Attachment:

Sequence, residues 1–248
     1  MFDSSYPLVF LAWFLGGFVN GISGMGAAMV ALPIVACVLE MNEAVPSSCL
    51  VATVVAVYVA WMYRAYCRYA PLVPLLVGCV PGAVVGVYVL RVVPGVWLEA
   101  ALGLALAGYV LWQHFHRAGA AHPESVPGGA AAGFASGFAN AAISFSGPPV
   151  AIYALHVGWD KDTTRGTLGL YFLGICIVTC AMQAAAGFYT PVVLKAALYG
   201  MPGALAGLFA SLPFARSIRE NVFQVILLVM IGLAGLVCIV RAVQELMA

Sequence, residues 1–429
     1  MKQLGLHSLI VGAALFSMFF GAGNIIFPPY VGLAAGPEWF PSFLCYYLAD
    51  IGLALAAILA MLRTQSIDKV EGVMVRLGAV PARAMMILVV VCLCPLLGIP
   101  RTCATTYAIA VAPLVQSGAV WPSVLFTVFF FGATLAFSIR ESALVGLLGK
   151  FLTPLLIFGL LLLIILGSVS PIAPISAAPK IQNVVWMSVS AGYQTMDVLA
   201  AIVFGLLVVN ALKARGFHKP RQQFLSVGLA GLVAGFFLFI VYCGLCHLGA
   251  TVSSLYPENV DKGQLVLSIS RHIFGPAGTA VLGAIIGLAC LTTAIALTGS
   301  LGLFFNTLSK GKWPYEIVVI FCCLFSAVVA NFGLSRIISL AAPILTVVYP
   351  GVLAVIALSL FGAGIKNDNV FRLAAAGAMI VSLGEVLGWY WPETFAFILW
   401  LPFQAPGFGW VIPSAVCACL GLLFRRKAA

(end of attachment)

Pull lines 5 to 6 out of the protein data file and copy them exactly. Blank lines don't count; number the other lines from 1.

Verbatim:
   151  AIYALHVGWD KDTTRGTLGL YFLGICIVTC AMQAAAGFYT PVVLKAALYG
   201  MPGALAGLFA SLPFARSIRE NVFQVILLVM IGLAGLVCIV RAVQELMA